The Benefits of Mask-Wearing and Quarantining (Including How You Can Make the Most Out of It)

The Benefits of Mask-Wearing and Quarantining

2020 has been difficult for everyone. I have certainly gotten to the point where I am quite sick of the 2020 jokes. Of course, the current pandemic situation will not magically go away on January 1, 2021. So instead of waiting for the end of the pandemic, this article will focus on how to make the most of your time, right now, in the current ‘new normal’!

How to reduce the spread of COVID-19

Before this article gets into the details of how to make the most of 2020 and your time during the pandemic, let’s first review the importance of our actions to reduce the spread of COVID-19. These steps are easy but important. In order to reduce risk and still be able to enjoy some of the adventures listed below, some basic rules need to be followed.

Wear a mask!

Wearing a mask when indoors away from home or when outdoors and within ~six feet of others dramatically reduces the spread of COVID-19. If you are an asymptomatic carrier of COVID-19, your mask will trap many virus particles making your likelihood of infecting someone else much lower. If you do not have COVID-19, wearing a mask will block many of the possible virus particles of others from entering your respiratory tract. If both parties wear masks, the risk of COVID is decreased exponentially. 

Yes, wearing a mask isn’t what we would naturally choose to do, but I am sure spreading COVID to your loved ones is much worse. And with masks, the number of activities that you will be able to do safely will be greater.

Reduce the size of your social circle

Additionally, minimizing your social circle to a small handful of people is another recommended precaution. It is important to know all of the possible exposures of your group to avoid contact with those who may have their own increased risk. Spend time with only the handful of people vital to your life and happiness in more intimate settings such as inside a home. There are other possibilities that I will mention later for less-immediate family and friends.

Using these precautions as a framework, you can now work to focus on what you can do to empower yourself and make this time as valuable as it can be. Remember that all time is valuable including right now!

The benefits of working from home

Many people have been working from home since March 2020 and may continue to do so indefinitely. It may be difficult for some people to stay motivated while working from home full time while others may miss the socialization of the office. However, working from home offers many benefits.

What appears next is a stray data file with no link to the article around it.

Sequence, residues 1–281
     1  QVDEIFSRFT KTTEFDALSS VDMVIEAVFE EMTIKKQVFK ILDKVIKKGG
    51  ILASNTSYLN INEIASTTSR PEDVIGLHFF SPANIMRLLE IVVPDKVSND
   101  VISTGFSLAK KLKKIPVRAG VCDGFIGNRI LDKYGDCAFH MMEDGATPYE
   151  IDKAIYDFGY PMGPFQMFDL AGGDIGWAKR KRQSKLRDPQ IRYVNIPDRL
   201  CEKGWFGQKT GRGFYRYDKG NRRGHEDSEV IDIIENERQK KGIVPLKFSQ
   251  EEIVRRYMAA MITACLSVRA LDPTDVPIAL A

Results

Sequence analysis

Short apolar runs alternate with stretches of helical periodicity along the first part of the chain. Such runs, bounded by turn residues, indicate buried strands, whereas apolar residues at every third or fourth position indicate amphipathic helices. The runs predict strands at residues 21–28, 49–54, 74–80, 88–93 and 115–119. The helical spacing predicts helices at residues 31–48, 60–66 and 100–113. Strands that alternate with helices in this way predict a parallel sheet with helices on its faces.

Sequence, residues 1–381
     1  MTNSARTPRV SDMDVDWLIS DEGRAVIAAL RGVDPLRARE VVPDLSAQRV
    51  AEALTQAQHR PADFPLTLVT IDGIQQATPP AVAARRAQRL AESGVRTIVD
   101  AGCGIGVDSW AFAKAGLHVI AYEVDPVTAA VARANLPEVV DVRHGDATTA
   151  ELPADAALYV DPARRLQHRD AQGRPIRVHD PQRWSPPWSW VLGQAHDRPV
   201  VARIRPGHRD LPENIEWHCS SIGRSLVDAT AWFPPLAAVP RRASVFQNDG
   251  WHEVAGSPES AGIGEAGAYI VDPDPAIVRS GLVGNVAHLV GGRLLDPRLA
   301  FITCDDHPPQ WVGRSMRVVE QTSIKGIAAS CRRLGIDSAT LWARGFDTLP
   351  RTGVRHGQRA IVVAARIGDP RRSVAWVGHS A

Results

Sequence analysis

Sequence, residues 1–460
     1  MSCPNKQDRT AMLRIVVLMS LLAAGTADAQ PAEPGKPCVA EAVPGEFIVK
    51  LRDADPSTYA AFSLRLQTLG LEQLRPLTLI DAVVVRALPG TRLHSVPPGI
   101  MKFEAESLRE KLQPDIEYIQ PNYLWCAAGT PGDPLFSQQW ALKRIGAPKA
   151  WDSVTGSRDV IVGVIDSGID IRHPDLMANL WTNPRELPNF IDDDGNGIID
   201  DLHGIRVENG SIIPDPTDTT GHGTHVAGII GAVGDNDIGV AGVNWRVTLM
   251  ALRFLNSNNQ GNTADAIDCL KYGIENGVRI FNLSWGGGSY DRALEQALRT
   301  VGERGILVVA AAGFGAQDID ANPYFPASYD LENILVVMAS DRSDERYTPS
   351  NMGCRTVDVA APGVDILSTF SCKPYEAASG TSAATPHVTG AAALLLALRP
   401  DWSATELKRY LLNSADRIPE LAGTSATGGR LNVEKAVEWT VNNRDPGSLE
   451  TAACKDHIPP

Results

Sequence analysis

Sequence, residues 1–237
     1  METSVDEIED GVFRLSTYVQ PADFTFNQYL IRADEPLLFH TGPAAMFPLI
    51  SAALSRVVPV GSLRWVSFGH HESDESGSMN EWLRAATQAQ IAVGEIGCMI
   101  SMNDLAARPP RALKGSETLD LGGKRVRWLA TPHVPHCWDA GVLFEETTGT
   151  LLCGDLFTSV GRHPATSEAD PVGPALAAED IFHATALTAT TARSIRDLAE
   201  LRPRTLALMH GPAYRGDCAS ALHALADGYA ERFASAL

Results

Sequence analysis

No commute

Firstly, depending on how long your commute to work is, you may be saving a lot of time that can be put to use in other ways. In an extreme example, many people who live in Manhattan commute to work in multiple steps. They drive to the train station in Connecticut, New Jersey, or Long Island, take the train or bus into Manhattan at a central location, and then take the subway to a final walk to their office in New York City. 

Altogether, this commute could be upwards of 2 hours each way. If this is done daily, the commuter saves 20 hours each week. For others, a ten-minute commute is one of the better case scenarios. This still saves 20 minutes daily and one hour and 40 minutes weekly.

Extra time to live well

With that extra time, sleep schedules can normalize and there will be more time for cooking and exercise. Although we now have smaller social circles to spend time with in person, there is now more time to spend with those people. 

And how about that home improvement project that you have been putting off for years? Now is the time to make it happen. You can also catch up on bestseller books, movies you’ve been meaning to see, an art project, or a puzzle. We always say there is not enough time, and now we may have more time in some situations.

More opportunities to exercise

This is a great time to start an exercise program.  If you have any exercise equipment at home, put it to good use. If not, everyone is able to go outside and take a walk daily, weather permitting. It is hard to start exercising initially but once in a routine, it is easier to continue. It may be best to write down exercise goals and outline when to do which exercises. You can then post this schedule somewhere you frequently look such as your refrigerator door, making it more likely to stick to it. 

For example, suppose you have an elliptical machine and no other at-home equipment. Assuming no health contraindications, your schedule could include the elliptical 3 days weekly for 45 minutes and a walk outside for 45 minutes on days not using the elliptical. You can also mix in some strength and core workouts with just your own body weight. Put on the TV or some music and get on the floor for some push-ups or sit-ups.